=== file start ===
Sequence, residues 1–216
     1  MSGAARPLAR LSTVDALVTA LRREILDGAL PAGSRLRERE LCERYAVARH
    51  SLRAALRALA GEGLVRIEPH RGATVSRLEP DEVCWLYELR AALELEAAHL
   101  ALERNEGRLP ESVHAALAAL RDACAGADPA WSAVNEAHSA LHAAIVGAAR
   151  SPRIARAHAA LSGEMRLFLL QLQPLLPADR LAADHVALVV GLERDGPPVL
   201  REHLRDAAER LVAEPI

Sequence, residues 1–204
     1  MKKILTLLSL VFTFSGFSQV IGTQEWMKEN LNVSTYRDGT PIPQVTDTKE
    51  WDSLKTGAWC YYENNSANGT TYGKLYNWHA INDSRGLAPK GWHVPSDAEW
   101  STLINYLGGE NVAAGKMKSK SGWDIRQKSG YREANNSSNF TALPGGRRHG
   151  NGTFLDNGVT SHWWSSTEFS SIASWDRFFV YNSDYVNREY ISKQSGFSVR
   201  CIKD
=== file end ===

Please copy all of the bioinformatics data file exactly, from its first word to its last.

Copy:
Sequence, residues 1–216
     1  MSGAARPLAR LSTVDALVTA LRREILDGAL PAGSRLRERE LCERYAVARH
    51  SLRAALRALA GEGLVRIEPH RGATVSRLEP DEVCWLYELR AALELEAAHL
   101  ALERNEGRLP ESVHAALAAL RDACAGADPA WSAVNEAHSA LHAAIVGAAR
   151  SPRIARAHAA LSGEMRLFLL QLQPLLPADR LAADHVALVV GLERDGPPVL
   201  REHLRDAAER LVAEPI

Sequence, residues 1–204
     1  MKKILTLLSL VFTFSGFSQV IGTQEWMKEN LNVSTYRDGT PIPQVTDTKE
    51  WDSLKTGAWC YYENNSANGT TYGKLYNWHA INDSRGLAPK GWHVPSDAEW
   101  STLINYLGGE NVAAGKMKSK SGWDIRQKSG YREANNSSNF TALPGGRRHG
   151  NGTFLDNGVT SHWWSSTEFS SIASWDRFFV YNSDYVNREY ISKQSGFSVR
   201  CIKD